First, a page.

We last saw New York-based artist Kara Walker in the summer of 2014, with the staggering scale of A Subtlety, a monumental installation exploring the horrific history of sugar production and slavery at Brooklyn’s Domino Sugar Refinery. The scale may be different here in London, but the subject matter is far from.
It wouldn’t be Kara Walker if it was. The California-born artist cuts close to the bone on matters of race and gender, so often immersed in the history of racial inequality … how official stories have stifled the reality of suffering; of oppression and of violence.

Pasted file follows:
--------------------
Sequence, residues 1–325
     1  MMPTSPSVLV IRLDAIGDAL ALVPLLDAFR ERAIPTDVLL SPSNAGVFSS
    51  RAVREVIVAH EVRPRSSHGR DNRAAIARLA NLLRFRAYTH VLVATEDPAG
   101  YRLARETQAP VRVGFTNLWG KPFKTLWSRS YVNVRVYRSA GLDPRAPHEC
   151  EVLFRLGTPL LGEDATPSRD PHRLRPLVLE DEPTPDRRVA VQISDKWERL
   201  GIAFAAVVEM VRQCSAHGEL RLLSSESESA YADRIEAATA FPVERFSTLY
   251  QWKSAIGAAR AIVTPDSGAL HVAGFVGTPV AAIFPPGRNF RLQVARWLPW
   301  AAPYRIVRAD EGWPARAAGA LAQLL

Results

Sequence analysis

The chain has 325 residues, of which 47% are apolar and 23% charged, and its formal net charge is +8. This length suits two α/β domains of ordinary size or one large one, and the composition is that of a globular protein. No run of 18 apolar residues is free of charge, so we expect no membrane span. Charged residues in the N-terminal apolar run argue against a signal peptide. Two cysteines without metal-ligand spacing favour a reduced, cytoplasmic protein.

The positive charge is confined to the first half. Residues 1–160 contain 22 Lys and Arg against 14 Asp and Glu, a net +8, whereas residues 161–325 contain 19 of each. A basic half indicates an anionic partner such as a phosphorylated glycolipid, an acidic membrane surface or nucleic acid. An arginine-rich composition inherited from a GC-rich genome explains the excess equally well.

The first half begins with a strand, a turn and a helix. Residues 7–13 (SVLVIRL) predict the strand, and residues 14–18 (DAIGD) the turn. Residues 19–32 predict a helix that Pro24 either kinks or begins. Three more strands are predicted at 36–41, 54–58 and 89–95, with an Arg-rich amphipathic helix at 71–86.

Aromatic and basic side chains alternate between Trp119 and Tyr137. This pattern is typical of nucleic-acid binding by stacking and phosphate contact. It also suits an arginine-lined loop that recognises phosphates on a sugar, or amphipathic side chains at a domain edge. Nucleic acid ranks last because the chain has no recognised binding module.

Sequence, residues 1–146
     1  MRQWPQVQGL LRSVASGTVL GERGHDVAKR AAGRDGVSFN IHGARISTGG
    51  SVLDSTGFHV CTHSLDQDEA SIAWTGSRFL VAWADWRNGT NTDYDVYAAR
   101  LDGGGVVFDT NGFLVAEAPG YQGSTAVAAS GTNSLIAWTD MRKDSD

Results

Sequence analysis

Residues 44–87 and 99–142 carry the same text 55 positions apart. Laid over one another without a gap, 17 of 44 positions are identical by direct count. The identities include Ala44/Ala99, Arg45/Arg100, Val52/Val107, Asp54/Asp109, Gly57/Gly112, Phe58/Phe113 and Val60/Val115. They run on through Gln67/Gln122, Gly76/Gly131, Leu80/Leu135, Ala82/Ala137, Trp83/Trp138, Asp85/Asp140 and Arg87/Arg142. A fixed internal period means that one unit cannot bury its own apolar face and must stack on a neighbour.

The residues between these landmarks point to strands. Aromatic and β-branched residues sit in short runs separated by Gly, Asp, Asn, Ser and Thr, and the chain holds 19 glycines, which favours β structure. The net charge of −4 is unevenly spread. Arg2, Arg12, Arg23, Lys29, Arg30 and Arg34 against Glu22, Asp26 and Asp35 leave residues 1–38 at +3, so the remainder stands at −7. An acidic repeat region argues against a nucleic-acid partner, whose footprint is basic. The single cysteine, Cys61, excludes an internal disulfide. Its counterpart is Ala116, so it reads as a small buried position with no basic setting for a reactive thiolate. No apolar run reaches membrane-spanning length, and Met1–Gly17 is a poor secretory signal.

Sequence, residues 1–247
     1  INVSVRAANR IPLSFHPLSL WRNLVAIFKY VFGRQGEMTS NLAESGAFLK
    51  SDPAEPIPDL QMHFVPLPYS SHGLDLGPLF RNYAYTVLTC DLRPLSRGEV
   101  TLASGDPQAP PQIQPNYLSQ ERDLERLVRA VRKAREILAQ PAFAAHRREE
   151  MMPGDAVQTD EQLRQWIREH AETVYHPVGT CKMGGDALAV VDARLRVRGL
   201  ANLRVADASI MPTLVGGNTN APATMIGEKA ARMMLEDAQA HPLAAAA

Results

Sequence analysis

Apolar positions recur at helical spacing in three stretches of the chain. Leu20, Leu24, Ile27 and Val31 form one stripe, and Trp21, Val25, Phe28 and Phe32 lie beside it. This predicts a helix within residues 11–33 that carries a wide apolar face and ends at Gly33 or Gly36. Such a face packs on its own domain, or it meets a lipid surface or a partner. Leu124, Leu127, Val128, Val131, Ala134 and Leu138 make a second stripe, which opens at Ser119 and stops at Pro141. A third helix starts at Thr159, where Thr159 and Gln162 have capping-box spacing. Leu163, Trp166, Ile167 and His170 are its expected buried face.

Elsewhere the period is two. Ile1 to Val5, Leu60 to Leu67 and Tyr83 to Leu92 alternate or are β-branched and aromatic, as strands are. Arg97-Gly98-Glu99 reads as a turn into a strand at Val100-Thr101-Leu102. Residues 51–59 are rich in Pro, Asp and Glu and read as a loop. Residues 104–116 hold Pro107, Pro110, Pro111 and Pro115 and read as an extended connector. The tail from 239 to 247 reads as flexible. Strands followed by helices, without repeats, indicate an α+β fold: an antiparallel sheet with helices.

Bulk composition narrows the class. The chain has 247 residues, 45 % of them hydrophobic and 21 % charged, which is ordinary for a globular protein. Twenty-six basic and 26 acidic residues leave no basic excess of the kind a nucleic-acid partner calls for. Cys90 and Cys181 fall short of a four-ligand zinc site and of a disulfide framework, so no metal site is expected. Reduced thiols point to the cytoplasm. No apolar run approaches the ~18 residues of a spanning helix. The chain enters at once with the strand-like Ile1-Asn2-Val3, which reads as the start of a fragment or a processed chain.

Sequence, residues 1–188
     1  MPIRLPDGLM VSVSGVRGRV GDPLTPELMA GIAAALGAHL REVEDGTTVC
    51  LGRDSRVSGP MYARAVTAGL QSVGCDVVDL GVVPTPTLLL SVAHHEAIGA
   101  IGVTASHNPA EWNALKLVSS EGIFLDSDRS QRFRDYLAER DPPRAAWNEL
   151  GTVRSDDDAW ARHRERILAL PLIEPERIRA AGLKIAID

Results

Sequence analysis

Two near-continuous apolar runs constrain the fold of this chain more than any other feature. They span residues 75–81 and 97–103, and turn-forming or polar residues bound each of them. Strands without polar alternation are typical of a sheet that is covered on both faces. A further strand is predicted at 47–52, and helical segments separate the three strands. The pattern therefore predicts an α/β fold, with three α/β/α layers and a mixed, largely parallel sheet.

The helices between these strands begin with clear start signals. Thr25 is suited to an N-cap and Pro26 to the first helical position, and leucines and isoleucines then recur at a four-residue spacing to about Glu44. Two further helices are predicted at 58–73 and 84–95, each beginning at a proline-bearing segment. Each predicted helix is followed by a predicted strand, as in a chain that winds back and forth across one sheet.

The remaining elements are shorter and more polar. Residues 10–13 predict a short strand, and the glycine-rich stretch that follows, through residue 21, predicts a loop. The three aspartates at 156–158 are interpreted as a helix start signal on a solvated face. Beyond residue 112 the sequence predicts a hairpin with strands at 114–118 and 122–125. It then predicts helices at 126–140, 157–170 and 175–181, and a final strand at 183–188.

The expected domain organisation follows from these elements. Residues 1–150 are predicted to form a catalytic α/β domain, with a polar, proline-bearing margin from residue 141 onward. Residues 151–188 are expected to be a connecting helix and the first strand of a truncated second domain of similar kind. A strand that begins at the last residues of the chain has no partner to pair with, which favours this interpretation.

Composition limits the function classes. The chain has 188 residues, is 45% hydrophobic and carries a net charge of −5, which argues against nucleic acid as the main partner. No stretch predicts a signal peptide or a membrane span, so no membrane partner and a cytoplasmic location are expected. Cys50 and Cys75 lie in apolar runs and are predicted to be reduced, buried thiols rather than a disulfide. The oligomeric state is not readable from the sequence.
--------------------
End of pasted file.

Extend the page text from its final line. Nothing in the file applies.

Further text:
Showing at Victoria Miro Mayfair, Walker exhibits drawings, sketches, and models that show her meticulous working process. In particular, the process behind her reworking of Norma, Vincenzo Bellini’s 1831 opera — which she moved from Roman Gaul to an African colony under European control in the late 19th century for a presentation at last year’s 56th Venice Biennale. Commissioned by Okwui Enwezor, Walker directed and designed the reimagined two-act opera … creating both set and costumes; the preparatory work for which standing alone as an impressive body of work in its own right.
Noma runs at Victoria Miro Mayfair until 16 January.